You say self-enquiry is nothing but “attentive self-awareness”. I get the “attentive” and “awareness” parts. I don’t get the “self” part coz all I am aware of now is my body and thoughts, including the “I-thought”. So, do you mean I should be attending to the awareness of “I-thought”? That could make sense coz it is kinda attending to the snake (I-thought) and finding lo and behold that it is a rope (self). So, why then don’t you say self-enquiry is “attentive I-thought-awareness”? I hope my doubt makes sense.The following is my answer to this:
Viveka Vairagya, the aim and purpose of self-investigation (ātma-vicāra) is to find out what this ‘I’ or ‘self’ actually is. We are always aware of ourself, but our self-awareness is now confused, because it seems (in the view of ourself as this ego) to be mixed with awareness of our body and other things.
What is called the ‘ego’, ‘thought called I’ or ‘I-thought’ is what we now experience ourself to be, namely this ‘I’ that rises in waking and dream, grasping a body as itself and thereby experiencing itself as ‘I am this body, this person called Viveka Vairagya [or whatever]’. This is not our self-awareness in its original pristine form, but in a mixed and distorted form. However, it is still the same fundamental self-awareness. It is like a rope being seen as a snake rather than as it really is.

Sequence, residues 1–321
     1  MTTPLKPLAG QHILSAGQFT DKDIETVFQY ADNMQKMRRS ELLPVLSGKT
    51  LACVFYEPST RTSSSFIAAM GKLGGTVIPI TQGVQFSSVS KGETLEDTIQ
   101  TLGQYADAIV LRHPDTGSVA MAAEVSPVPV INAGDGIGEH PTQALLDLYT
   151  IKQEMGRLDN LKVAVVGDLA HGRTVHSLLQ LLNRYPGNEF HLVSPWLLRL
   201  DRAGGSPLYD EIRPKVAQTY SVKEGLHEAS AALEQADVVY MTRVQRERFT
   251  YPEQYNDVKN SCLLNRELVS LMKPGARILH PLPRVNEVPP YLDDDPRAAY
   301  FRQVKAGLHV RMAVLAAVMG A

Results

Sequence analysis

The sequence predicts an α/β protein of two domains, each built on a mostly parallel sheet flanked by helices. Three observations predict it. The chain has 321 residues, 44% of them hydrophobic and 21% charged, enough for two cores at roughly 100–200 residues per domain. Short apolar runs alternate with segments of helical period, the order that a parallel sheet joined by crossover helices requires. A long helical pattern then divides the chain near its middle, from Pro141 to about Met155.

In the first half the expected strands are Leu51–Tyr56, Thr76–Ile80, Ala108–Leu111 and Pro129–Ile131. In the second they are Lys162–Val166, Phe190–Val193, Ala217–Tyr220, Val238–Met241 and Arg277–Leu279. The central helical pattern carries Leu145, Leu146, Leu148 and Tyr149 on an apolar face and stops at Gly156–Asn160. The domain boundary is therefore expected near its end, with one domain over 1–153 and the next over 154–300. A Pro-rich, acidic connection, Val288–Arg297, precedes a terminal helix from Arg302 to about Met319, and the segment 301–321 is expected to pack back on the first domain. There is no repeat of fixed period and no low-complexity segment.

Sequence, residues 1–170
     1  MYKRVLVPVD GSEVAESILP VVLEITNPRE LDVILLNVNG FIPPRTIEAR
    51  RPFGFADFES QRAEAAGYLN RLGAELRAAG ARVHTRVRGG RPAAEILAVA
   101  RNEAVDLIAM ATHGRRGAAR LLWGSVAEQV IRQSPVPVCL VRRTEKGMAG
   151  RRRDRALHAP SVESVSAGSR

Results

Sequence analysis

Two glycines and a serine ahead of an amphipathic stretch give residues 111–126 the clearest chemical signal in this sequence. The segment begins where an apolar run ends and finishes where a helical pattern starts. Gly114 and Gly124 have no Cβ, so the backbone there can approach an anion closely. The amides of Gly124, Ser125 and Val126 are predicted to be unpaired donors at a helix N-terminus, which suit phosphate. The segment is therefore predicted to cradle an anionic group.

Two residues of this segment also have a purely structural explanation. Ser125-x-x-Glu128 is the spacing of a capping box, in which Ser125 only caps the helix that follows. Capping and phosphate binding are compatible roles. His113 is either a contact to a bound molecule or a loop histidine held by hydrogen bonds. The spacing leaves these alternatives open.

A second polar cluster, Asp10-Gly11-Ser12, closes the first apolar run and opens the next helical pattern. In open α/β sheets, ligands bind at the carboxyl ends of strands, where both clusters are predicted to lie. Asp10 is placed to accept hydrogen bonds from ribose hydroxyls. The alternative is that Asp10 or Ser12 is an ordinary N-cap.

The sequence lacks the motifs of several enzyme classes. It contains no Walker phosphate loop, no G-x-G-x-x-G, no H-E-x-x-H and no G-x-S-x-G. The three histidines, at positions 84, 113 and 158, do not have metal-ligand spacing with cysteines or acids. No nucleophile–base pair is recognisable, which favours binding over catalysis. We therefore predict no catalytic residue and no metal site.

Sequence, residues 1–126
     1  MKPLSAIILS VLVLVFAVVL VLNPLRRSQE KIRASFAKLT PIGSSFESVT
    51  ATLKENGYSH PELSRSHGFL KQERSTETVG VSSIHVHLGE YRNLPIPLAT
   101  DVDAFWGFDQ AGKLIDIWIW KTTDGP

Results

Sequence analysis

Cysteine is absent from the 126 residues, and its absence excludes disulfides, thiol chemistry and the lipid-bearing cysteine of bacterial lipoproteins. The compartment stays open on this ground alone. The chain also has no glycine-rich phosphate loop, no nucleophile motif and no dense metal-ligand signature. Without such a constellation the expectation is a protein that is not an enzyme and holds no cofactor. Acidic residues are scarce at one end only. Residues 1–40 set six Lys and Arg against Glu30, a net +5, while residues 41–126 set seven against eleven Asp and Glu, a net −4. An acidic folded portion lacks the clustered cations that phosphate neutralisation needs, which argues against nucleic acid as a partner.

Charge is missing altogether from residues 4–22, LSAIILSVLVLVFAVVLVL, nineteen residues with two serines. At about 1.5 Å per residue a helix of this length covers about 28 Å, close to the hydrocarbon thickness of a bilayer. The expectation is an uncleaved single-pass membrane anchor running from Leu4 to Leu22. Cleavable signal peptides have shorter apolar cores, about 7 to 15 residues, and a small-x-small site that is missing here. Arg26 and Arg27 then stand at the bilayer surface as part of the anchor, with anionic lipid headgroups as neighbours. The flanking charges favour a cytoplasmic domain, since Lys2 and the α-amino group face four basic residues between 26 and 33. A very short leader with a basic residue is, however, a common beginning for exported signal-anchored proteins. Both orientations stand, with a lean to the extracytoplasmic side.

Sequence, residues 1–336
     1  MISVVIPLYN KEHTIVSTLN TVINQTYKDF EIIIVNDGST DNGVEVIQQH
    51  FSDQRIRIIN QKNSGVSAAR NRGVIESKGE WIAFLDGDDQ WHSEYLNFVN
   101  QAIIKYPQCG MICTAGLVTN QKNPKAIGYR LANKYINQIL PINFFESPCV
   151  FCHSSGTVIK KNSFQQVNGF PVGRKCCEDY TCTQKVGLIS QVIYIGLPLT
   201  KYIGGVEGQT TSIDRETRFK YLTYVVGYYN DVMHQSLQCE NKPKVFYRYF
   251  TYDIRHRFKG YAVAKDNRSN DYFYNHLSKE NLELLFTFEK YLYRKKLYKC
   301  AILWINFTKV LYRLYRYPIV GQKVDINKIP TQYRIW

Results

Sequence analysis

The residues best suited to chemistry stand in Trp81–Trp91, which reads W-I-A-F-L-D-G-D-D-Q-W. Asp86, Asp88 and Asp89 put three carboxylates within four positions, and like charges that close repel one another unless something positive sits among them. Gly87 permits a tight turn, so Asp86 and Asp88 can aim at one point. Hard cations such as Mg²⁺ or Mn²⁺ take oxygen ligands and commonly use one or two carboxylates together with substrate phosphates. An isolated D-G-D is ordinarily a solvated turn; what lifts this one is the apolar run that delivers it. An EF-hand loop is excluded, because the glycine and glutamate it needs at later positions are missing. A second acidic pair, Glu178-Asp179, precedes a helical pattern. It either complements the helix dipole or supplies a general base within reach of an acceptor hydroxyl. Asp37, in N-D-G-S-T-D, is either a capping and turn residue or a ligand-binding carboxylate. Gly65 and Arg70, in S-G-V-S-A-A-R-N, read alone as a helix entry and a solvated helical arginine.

When we see a rope as a snake, it is still the same rope, and has not undergone any change. Only our perception of it is wrong. Likewise, when we see ourself as this finite ego, we are still the same infinite self-awareness, and we have not undergone any change, but as this ego our perception of ourself is wrong. That is, our awareness of ourself is distorted by being mixed and confused with awareness of other things that we mistake to be ourself, primarily a body (though not always the same body).